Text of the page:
Perhaps you’re a beginner guitarist who has never heard of a guitar humidifier or maybe you’ve been playing for a little while and are quite familiar with what it is and why you would need to use it.
For those who want to take care of the investment they call an acoustic guitar, a guitar humidifier is not optional, it’s a must.
Below I want to share with you why a guitar humidifier is so important, the difference between using a guitar humidifier and a room humidifier and finally some recommendations on the humidifiers that I have used in the past.
Hopefully by the end you’ll have a basic understanding of proper guitar care in regards to humidity and the elements. Enjoy, and if you find this useful, please don’t forget to share it!
Using a Guitar Humidifier | Why?
Most every guitar you can buy in stores today is built in a controlled environment where humidity remains at a constant level throughout the entire process. The reason for this is that wood tends to dry up or swell depending on the level of humidity and this can have an averse affect on the precise manufacturing of a guitar.
Once a guitar leaves the plant, however, it is up to the stores and the eventual owner to keep the guitar properly humidified. While most guitar stores are good at storing guitars in a manner that protects them from the elements and harsh weather extremes, unfortunately most guitar owners – despite spending hundreds if not thousands of dollars on their guitar – don’t do the same.
This is important to note because a guitar that is left out in extremely dry or extremely damp environments could either dry out and crack or swell to cause fret buzzing. Even conditions such as a home with a heater on during the winter can be detrimental to a guitar!
Hence the importance of the guitar humidifier. Guitar humidifiers prevent damage to your guitar by regulating the humidity – whether it is being stored in your guitar case or hanging on your wall. For most guitarist, there could be nothing worse than waking up to find a hairline crack (or worse!) on your guitar.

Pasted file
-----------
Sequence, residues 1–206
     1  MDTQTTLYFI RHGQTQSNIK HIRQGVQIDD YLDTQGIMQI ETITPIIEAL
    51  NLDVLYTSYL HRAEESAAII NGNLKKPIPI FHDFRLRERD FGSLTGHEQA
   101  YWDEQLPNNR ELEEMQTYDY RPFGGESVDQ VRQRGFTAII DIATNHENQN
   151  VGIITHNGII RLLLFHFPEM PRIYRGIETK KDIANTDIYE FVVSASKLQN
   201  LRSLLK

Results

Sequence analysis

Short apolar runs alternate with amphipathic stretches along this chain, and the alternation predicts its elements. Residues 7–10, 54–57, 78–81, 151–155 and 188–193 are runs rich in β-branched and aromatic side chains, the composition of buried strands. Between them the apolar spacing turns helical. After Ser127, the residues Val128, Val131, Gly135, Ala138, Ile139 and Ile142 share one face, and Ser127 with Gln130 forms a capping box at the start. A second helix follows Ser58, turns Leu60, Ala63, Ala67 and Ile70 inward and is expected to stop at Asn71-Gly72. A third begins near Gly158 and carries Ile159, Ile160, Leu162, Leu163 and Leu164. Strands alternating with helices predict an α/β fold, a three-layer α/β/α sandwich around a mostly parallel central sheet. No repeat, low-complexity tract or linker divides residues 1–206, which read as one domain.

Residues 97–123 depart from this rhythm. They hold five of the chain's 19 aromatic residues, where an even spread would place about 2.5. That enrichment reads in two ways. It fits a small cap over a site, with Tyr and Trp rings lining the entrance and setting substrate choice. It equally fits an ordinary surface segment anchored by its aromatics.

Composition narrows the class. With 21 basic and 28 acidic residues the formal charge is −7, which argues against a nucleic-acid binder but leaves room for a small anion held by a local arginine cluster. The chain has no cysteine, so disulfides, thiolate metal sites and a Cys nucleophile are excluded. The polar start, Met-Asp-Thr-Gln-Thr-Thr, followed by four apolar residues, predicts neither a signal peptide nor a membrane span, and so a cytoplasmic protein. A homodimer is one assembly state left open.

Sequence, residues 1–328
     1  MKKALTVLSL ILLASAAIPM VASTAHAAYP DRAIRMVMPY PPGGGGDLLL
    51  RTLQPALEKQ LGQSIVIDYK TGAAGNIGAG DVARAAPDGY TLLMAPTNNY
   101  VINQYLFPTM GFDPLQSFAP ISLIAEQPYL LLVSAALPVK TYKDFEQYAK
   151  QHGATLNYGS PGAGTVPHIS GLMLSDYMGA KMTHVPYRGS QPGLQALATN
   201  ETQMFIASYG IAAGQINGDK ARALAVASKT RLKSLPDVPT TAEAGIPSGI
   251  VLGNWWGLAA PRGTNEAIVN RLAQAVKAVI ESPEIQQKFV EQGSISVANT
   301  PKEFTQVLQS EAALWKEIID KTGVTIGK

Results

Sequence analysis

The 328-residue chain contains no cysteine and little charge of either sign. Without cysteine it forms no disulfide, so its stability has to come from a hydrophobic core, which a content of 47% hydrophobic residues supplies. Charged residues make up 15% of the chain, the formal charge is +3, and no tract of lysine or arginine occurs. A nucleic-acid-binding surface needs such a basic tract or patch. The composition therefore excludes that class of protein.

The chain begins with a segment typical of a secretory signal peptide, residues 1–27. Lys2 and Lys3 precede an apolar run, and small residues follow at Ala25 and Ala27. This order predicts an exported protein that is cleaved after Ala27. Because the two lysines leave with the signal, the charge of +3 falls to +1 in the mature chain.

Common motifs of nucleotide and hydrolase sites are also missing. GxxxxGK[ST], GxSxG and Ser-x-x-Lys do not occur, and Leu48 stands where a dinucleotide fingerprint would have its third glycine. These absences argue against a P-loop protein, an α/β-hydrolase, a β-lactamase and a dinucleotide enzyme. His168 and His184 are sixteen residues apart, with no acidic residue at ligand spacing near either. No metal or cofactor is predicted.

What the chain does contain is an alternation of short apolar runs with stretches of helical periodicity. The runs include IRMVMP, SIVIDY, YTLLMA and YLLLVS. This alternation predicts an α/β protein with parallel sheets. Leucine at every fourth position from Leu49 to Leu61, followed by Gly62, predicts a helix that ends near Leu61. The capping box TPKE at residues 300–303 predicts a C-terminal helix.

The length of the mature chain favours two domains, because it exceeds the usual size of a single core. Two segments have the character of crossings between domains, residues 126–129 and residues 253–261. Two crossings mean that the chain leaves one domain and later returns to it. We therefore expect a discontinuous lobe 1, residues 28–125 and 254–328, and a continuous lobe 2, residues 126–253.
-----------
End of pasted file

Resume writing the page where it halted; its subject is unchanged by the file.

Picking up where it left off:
Types of Guitar Humidifiers
There are multiple types of guitar humidifiers and I’ll give you a short list of the most popular ones here:
- Sound Hole Humidifier: these humidifiers either cover the sound hole of your guitar or sit between your strings down into the sound hole. These are the most popular.
- Guitar Case Humidifier: these humidifiers sit in the guitar case, usually under the headstock, to keep the entire case regulated.
- Room Humidifier: for those who keep their guitars hanging on the wall or who have multiple guitars that they want to protect at once, a room humidifier keeps the entire room regulated.
A quick tip on how to properly use a guitar humidifier: there is no need to re-wet a humidifier on a daily basis. Depending on the season of year and the region of the world where you live, you may only need to re-wet the humidifier every 6-14 days.
If you tend to have your guitar out of its case often or under the hot stage lights on a frequent basis, you should pay careful attention to the humidification of your guitar.
Guitar Humidifier vs Room Humidifier
Before I dive into the question of whether you should invest in a guitar humidifier or a room humidifier, please read this carefully: your guitar should not be hanging on the wall all day, every day.
Did you know that the best way to protect your guitar, not only from physical damage but also from the elements, is to keep it in its hard case? Yea, I know how cool it looks to have your guitar hanging on your wall but if you really care about the guitar you should store it in its padded home.
Note: hard cases are much better at protecting guitars from the extreme elements than soft cases. Read more about soft vs. hard guitar cases.
Now onto guitar humidifiers vs. room humidifiers. If you’re like most people who have only one or two…maybe three…guitars, purchasing individual humidifiers is probably your best option. Individual humidifiers allow you to adjust the dampness based on how the guitar is responding, something you can’t do with a room humidifier.